I want to put to him these questions which have been troubling me since our terrible ordeal started, but especially since he has bared his soul to us. Why was he so relentless in his quest for the support and blessing from the Chief Executive for his polling work? At what cost? Is it worth it? Is it worth all the damage he has brought to his colleagues, to the university and to Hong Kong? I think he owes us an answer.

Alan Hoo, representing Andrew Lo Cheung-on

In trying to find out the truth about the Post article, which is the genesis of the allegations, I have been accused of trying to shift the focus, employing lawyers' tactics, over the eyes of this panel. I thought that I was simply uncovering Dr Chung's true intentions from his article. I listened to him, because he said to us on the first day, "That is not what I said in the SCMP article." He made his submissions. "Look at the Economic Journal." He brought his actual manuscript. I listened to him.

Is it not time that we should all listen to him too in respect of whether he is making allegations? The nature of the complaint, interference with academic freedom, is a complaint that looms very large in the public eye, for obvious reasons. People have said from time to time that his case is very important, because this case is all about academic freedom. What this case has also become is a cause celebre for this cause, that has been adopted by the media and a lot of other people in their own respective crusade. A lot of people have cast judgments on this case, cast aspersions on lawyers in this case, because they have already made their own judgments that there was interference with academic freedom. So what I would ask this panel to do is to bring this matter back to its proper perspective.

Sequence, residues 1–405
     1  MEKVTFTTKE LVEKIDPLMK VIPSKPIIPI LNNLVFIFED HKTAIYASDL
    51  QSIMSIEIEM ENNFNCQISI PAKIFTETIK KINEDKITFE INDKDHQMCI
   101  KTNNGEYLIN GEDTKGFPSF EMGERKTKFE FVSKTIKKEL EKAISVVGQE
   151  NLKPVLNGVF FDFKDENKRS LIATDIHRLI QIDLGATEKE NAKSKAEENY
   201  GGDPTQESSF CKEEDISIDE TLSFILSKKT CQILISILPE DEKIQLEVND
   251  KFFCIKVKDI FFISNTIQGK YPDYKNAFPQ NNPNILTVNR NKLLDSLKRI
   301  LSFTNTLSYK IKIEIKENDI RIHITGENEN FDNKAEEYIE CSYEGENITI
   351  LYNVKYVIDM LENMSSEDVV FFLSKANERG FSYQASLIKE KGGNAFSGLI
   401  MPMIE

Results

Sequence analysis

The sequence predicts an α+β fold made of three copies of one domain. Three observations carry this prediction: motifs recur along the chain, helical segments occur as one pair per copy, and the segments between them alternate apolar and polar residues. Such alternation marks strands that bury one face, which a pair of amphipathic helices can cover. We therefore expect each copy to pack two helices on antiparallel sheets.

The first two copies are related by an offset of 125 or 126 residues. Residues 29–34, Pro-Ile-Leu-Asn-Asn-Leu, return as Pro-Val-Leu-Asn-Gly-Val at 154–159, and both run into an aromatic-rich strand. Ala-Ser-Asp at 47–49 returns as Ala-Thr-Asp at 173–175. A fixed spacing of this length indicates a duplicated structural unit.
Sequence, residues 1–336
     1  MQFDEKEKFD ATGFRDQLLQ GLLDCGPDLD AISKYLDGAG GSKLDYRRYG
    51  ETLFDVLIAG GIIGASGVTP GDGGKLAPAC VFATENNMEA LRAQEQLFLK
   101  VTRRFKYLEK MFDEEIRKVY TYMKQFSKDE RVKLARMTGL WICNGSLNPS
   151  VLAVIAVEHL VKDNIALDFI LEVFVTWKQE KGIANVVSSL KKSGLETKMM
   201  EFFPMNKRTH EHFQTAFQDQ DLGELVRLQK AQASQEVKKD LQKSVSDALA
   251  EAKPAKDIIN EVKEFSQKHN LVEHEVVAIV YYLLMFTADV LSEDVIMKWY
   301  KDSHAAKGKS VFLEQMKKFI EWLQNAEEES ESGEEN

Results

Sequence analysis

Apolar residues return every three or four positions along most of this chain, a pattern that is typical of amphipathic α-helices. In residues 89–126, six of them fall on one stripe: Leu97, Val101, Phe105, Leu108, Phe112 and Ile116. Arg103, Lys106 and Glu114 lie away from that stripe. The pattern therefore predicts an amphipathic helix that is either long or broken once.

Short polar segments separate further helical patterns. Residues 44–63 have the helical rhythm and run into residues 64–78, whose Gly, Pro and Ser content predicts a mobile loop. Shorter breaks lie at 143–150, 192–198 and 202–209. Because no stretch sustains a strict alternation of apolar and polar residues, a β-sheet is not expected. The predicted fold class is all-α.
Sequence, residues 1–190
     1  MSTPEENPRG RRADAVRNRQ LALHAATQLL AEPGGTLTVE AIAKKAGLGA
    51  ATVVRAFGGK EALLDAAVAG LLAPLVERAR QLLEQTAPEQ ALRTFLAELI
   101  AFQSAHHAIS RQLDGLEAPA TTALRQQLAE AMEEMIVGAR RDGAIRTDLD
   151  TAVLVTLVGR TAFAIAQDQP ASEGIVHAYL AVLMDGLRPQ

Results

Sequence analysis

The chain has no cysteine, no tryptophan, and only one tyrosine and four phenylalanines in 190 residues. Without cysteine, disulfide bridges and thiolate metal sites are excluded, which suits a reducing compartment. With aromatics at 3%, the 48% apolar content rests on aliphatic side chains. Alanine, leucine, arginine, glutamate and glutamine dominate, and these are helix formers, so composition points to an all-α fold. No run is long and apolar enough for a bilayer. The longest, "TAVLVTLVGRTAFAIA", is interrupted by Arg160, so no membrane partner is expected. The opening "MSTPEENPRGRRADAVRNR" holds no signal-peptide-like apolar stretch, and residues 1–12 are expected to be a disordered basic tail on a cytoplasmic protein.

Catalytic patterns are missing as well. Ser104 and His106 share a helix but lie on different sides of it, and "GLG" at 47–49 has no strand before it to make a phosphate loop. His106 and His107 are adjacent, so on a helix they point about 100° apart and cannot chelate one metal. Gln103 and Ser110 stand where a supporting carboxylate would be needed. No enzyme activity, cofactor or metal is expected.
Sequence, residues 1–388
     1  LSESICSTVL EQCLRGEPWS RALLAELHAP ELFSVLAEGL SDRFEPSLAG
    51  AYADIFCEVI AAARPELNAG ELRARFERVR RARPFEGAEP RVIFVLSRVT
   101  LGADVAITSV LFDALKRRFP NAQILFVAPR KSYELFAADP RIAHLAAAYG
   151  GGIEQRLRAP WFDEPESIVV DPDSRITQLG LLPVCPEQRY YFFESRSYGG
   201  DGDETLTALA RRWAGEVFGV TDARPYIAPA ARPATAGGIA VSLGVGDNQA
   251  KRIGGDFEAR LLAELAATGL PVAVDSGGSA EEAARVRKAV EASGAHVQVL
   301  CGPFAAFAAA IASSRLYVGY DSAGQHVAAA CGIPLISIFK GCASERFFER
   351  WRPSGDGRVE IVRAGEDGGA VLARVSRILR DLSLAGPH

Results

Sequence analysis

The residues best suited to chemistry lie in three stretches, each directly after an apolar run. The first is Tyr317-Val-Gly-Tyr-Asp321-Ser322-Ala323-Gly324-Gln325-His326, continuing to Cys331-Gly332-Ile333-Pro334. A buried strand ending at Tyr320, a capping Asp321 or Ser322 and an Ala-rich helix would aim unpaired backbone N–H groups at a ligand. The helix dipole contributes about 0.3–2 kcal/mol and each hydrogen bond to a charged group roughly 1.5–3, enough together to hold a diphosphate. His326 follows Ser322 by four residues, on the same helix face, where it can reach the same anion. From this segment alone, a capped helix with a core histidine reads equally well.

Lastly, members of the panel, there is one thing that I share in sentiment with Professor Ying Chan. These proceedings have brought a great deal of pain, a great deal of agony, not just to the distinguished scholars that sit here but also to everybody connected with this university.

It is a sad day that distinguished scholars, people who are of unquestioned integrity, people who have reached scholastic heights by their contribution and dedication to their work, should be brought through a hearing of this nature. The whole process of public scrutiny itself is already a sobering and salutary experience, and I would ask this panel to add to this experience by putting once and for all the matters under inquiry into their proper perspective.

Warren Chan Chee-hoi SC, lawyer for vice-chancellor Cheng Yiu-chung

The vice-chancellor's request for information from Robert Chung in January 1999 to prepare for the Andrew Lo meeting could not and did not constitute political pressure on Robert Chung.

The vice-chancellor had not asked Wong Siu-lun to talk to Robert Chung and was not aware of the January 29, 1999, meeting. The meeting was not reported to the vice-chancellor.

The vice-chancellor had not asked Wong to talk to Robert Chung, and when the meeting between Wong and Robert Chung on November 1, 1999, was reported to the vice-chancellor, and as was correctly recorded in the notes of the informal meeting held on November 12, 1999, nothing relevant to political pressure on Robert Chung had been brought to the attention of the vice-chancellor.

The two documents had not been delivered to or received by the vice-chancellor. There was no mention of any such documents in the notes of the informal meeting.

The memo dated November 25, 1999, was received by the vice-chancellor. But it is not evidence of political pressure, still less political pressure by the vice-chancellor.

The Mirror magazine article shows the concern of the vice-chancellor to protect the reputation of the University of Hong Kong. It has nothing to do with the vice-chancellor putting pressure on Robert Chung.

We find it difficult to describe the feeling and the suffering of the vice-chancellor since July 14, 2000. We urge this panel to clear his good name.